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It's week six of the Writers Guild strike and talks have totally broken down. Now the producers association, the AMPTP, has walked away from negotiations, squelching hopes of a quick resolution before the holidays. Here's what happened: The AMPTP gave the writers a revised proposal on Friday afternoon, including a slightly more generous deal for the writers on streaming of movies.
The possibility of U.S. Postal Service surcharges on DVD mailers caused one analyst to reiterate his "sell" rating on online video rental company Netflix, which ships over 1.6 million DVDs per day.
Head on over to West 14th and 9th Ave. in New York's meat-packing district, and you'll see something big and bright from the fruits and veggies set: A 3-story retail bonanza courtesy of Apple Inc. It's the company's second largest store in the nation, behind its flagship store here in nearby San Francisco.
Mobile phone maker Motorola backed its forecast for fourth-quarter earnings and revenue growth Thursday, sending its shares up as much as 3.5 percent.
I was reading the report from the Mortgage Bankers Association this morning on delinquencies and foreclosures. None of it was particularly unexpected, but I was struck by one aspect, and that is the amount of prime loans that are going into foreclosure.
Google is releasing a new application for Apple's iPhone that combines the Web leader's services such as e-mail, search and calendar into a single interface.
Netflix revolutionized the way we rent movies; its TV commercials boast more than a billion rentals already. And while its stock has suffered a choppy performance through its history, the company has been enjoying a renaissance of sorts recently. But a new report out from Citigroup this morning could put the brakes on Netflix's good cheer.
For any investor who thinks the Internet bubble is about to burst again, this video is for you.
Fast Company magazine's cover story about Apple and its fading star for 2008 hits stands today and after reading an advance copy of the article, and appearing on air yesterday with its author, I blogged about my thoughts on the criticisms.
Google is looking to more advertising technology partnerships outside of its proposed purchase of DoubleClick as it expands beyond Internet search advertising, a top executive said on Tuesday.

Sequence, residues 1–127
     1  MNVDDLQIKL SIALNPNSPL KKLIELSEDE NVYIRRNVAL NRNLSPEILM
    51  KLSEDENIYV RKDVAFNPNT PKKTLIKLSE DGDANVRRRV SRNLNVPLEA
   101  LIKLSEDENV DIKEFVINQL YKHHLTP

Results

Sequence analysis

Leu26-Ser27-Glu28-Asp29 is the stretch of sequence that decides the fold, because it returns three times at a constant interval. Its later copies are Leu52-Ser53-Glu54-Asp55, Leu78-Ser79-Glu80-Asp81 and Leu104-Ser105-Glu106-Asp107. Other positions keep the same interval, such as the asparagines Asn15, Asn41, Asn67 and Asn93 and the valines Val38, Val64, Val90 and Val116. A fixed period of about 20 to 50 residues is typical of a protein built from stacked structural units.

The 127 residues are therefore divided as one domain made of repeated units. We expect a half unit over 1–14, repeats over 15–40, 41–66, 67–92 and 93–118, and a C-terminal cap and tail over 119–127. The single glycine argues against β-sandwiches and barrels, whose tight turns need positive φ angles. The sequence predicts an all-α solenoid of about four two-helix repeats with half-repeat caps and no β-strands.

Big media is finally grasping that the sands beneath its feet are shifting; and Vivendi's bold step for Activision may be the beginnings of dramatic change for all kinds of digital entertainment. And it's about time. George Lucas (I know, major name-dropping here) told me not too long ago, that one of the key reasons for his studio's success is the seamless integration between his LucasArts video games division and LucasFilm, his studio operation.
Google said Friday it will bid for coveted mobile airwaves in a move that could pit the Web search leader against U.S. wireless service providers.
I think it probably all started with "Jeep," the army's shortened nickname for the "general purpose" vehicle. And when it comes to the military, I get it: time is money, lives are at stake. If you can shorten things, make language quicker, communications easier, it just makes sense.
It's official: after months of speculation and posturing, Google will indeed bid for the 700Mhz wireless spectrum coming to auction at the end of January. I have written about this before, suggesting such a bid was likely even though Google didn't get all it was looking for after lobbying the FCC for freer, more open networks.
Ah, the holidays! What better time to think about...death? The Neptune Society must have hired a new PR person because I'm getting press releases: "Rise in Cremations a Sign of Changing Times!
Yahoo! better break out the hammers and nails. There's a lot of fence-mending the company needs to do. The day after the so-called Cyber Monday where online merchants usher in their own holiday shopping seasons, thousands of them are trying to get answers from Yahoo! about a payment system outage that left their online cash registers closed.
Google said the Web services and online advertising group plans to promote a new initiative to encourage cheap renewable electricity.
Verizon's news today that it will offer "open access" to its wireless network is a shot across AT&T's bow, and could be the first major step toward opening what has developed into a kind of "Kremlin" for connectivity. Verizon says by the end of next year, customers will be able to use any wireless device and software applications on its nationwide wireless network that are currently unavailable today.
European Union antitrust regulators suspended their in-depth investigation into IBM's bid to buy Swedish software provider Telelogic, the European Commission said Tuesday.
News doesn't get worse than this for a company like Yahoo. On a day that's arguably one of the most important for online shoppers during the holiday shopping season, the so-called "Cyber Monday," Yahoo's shopping and transaction algorithm appears to be down.